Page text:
Picky eating harmless but can signal child’s emotional woes

FILE - This Sept. 22, 2014 file photo shows Brussels sprouts in Concord, N.H. New research suggests the picky eating problem is rarely worth fretting over, although in a small portion of kids it may signal emotional troubles that should be checked out. The study was published Monday, Aug. 3, 2015, in the journal Pediatrics. (AP Photo/Matthew Mead, File)

CHICAGO (AP) Parents of picky eaters take heart: New research suggests the problem is rarely worth fretting over, although in a small portion of kids it may signal emotional troubles that should be checked out.

Preschool-aged children who are extremely selective about what they eat and dislike even being near certain foods are more likely than others to have underlying anxiety or depression, the new study found. But only 3 percent of young children studied were that picky.

Less severe pickiness, dubbed “moderate selected eating” in the U.S. study, was found in about 18 percent of kids. These are children who will only eat a narrow range of foods. Kids with either level of pickiness were almost two times more likely than others to develop anxiety symptoms within two years, the study found.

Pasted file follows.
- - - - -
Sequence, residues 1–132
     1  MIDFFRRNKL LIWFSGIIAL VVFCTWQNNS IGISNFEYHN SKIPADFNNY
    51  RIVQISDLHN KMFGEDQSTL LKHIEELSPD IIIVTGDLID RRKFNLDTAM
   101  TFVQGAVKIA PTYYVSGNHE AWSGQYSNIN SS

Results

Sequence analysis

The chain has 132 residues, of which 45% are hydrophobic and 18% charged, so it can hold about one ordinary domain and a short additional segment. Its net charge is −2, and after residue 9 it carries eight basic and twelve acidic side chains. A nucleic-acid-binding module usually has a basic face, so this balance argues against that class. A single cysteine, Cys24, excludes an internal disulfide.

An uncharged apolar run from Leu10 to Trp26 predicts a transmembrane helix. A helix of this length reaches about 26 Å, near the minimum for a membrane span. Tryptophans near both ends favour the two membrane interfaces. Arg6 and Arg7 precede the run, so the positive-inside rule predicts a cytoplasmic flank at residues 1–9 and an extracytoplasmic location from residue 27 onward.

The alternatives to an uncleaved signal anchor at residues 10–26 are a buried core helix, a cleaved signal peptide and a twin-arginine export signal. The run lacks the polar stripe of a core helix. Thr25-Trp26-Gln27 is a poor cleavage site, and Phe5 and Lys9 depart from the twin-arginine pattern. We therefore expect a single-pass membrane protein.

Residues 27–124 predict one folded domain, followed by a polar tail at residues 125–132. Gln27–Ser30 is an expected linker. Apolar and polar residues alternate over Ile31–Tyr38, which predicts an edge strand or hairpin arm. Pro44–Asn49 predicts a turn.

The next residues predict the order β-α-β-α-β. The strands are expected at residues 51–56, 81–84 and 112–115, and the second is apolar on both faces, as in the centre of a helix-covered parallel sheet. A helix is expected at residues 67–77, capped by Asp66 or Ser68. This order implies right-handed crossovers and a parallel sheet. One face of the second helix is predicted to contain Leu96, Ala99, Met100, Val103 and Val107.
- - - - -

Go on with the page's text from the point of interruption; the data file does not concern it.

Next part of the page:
More typical pickiness, including kids who just refuse to eat their vegetables, is probably merely “normal dislike,” said eating disorders specialist Nancy Zucker, the lead author and an associate psychiatry professor at Duke University’s medical school. These are the kids who typically outgrow their pickiness as they mature.

Zucker said young children with moderate pickiness are probably more likely to outgrow the problem than the severe group, although more research is needed to confirm that.

The study was published Monday in the Journal Pediatrics, a top medical journal in the U.S.

Dr. Arthur Lavin, a Cleveland pediatrician said picky eating is among the top concerns parents bring to his office, and that the study “helps us understand who we should be concerned about.”

“There’s more going on here than just not wanting to eat broccoli,” said Lavin, a member of an American Academy of Pediatrics committee on psycho-social issues. He was not involved in the research.

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